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I'm making a basic symmetric decimating half band filter (M=2), with alternating 0 coefficients. The signal is oversampled by a factor of 2, at frequency $f$. I must be missing something simple, but it seems like the oversampling is redundant as the samples are never used in the output of the FIR filter.

I've tried to illustrate with a 5-tap scheme below in a ring buffer. The subscripts are to keep track of the values, and if it has an asterix, it's involved in the calculation for the output.

$t_0: x_a^* | x_e^*|x_d|x_c^*|x_b \rightarrow y_0 = b_0x_a+b_2x_c+b_4x_e\\ t_1 : x_a | x_f|x_d|x_c|x_b \rightarrow \times\\ t_2 : x_a^* | x_f|x_g^*|x_c^*|x_b \rightarrow y_1 = b_0x_g + b_2x_a+b_4x_c$

At $t_0$, $x_a$ has been placed in the buffer, and going backwards through the indices in steps of two (as the intermediate coefficient is 0) then uses $x_c$ and $x_e$. At $t_1$, sample $x_f$ is placed in the buffer, replacing $x_e$; no calculation is done as we're decimating. At $t_2$, $x_g$ replaces $x_d$, and then $x_c$ and $x_a$ are in the calculation for the output.

So, it seems that the 2X oversampled samples, like $x_b$ and $x_d$, are never used for any output as they are always multiplied by 0. Are they redundant in this case, and therefore is it possible just to sample at $\frac{f}{2}$ and not decimate? (I'm sure this can't be correct!)

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  • $\begingroup$ You have to consider the effect on noise when oversampling. $\endgroup$ Dec 2, 2022 at 8:44
  • $\begingroup$ @Irreducible - of course, the oversampling was just to ease the AA filter requirement a bit. However, that doesn't answer my query: it seems that, due to the 0 coefficients, I don't need to collect the 2X oversampled samples as they never contribute to the output. Thoughts on that? It might just be a property of the filter so we can have our cake and eat it :) $\endgroup$
    – awjlogan
    Dec 2, 2022 at 20:53

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The oversampling at the input to the filter is not redundant. What may be missed is that the data at the input will move through the filter one sample at a time at the input rate. Thus data that is zero'd on one clock sample will be necessary on the next. Further the center coefficient (and the two adjacent coefficients) are all non-zero in the half-band filter with odd length. An odd length half band filter design results in every other coefficients being zeroed beyond the center three coefficients.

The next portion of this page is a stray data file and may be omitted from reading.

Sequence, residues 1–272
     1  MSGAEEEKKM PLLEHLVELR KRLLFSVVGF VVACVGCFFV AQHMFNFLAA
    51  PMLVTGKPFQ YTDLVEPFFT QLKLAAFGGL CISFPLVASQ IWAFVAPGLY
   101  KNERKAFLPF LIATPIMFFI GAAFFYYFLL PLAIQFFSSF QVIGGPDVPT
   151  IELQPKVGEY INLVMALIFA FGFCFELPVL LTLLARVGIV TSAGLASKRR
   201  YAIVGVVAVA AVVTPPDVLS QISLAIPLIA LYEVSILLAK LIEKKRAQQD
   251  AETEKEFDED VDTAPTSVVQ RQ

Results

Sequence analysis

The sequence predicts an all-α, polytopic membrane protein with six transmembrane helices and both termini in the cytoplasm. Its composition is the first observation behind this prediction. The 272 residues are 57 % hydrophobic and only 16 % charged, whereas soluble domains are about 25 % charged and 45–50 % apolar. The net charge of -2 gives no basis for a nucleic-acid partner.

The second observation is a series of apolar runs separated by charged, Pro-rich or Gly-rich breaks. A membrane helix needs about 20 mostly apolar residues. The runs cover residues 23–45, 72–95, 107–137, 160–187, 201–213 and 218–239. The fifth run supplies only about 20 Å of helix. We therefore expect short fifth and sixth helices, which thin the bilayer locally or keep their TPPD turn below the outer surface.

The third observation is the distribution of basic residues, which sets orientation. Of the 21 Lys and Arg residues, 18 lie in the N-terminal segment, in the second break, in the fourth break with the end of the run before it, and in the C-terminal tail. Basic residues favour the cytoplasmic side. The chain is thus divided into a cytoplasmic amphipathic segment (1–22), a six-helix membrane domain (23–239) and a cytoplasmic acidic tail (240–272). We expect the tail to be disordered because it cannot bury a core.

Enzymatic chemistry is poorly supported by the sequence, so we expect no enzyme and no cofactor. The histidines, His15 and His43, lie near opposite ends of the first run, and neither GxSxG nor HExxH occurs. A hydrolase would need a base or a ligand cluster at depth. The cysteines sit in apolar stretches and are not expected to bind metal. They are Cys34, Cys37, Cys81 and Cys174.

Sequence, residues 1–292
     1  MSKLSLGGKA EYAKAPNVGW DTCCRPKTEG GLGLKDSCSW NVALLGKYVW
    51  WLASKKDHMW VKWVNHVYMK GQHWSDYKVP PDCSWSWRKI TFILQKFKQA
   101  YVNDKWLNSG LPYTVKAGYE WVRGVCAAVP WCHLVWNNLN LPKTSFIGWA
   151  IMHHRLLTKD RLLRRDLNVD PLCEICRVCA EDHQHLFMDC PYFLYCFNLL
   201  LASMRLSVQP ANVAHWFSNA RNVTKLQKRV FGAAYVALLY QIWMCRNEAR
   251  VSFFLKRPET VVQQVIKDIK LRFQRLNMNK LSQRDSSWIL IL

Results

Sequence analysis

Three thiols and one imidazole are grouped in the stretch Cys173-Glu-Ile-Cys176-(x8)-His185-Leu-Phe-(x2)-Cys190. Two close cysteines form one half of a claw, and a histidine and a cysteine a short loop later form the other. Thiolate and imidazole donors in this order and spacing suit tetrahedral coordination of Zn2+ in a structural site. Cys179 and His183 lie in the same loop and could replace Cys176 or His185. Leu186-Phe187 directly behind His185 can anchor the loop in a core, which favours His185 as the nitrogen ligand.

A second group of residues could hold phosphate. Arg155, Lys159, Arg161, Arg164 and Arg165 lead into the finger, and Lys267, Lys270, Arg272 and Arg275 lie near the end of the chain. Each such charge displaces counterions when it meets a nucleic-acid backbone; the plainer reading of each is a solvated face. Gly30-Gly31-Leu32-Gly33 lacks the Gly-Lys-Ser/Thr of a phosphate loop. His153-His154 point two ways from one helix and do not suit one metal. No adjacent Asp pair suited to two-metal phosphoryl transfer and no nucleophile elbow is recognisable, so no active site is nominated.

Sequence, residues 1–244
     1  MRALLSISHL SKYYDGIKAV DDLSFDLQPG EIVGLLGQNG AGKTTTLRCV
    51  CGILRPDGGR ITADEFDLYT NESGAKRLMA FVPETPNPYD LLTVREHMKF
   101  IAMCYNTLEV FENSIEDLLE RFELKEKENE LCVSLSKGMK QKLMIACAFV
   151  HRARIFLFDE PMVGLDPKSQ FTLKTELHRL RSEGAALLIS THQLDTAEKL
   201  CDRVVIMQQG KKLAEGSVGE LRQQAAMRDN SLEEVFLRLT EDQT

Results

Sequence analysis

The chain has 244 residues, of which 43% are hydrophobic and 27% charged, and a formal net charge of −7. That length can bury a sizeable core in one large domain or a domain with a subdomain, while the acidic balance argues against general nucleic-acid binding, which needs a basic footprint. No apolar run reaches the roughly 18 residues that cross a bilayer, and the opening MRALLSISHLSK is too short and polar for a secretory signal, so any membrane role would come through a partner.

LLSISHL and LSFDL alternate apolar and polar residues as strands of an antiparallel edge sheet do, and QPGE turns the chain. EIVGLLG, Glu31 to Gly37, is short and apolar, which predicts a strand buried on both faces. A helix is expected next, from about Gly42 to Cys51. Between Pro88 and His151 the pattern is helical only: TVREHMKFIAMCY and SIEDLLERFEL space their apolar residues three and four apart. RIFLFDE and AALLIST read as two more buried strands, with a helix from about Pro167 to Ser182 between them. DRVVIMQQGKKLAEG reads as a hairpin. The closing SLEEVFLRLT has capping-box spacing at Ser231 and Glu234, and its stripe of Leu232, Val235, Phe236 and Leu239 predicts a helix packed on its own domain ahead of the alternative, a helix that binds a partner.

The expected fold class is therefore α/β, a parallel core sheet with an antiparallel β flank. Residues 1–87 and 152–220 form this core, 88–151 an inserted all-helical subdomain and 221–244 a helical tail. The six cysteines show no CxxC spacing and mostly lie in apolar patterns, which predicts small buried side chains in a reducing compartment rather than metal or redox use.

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  • $\begingroup$ Thanks for your answer Dan. I'm fine with the samples progressing through the buffer a sample at at time, but with reference to the ring buffer I gave in the question, I still can't see how any "odd" sample $x_{2n-1}$ is multiplied with a non-zero even coefficient $b_{2n}$ because they both progress at the same rate? If you have time, could you illustrate this? I've tried drawing it, doing it algebraically, and come to the same result, so clearly I'm missing something basic! :) $\endgroup$
    – awjlogan
    Dec 3, 2022 at 8:52
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    $\begingroup$ The center tap and the two adjacent taps are not zero’d in the odd length half band filter (which results in zeros at every other sample otherwise), is that what you are missing? $\endgroup$ Dec 3, 2022 at 12:39
  • $\begingroup$ Dan, yes, thanks - that was the problem! I didn't spot the two consecutive non-zero coefficients - knew it was something silly. Thanks for the help! :) $\endgroup$
    – awjlogan
    Dec 3, 2022 at 19:55
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    $\begingroup$ I'll add that in the answer specifically since it was that which answered your question. All makes sense now, I see exactly how you could have come to that conclusion. $\endgroup$ Dec 3, 2022 at 19:57

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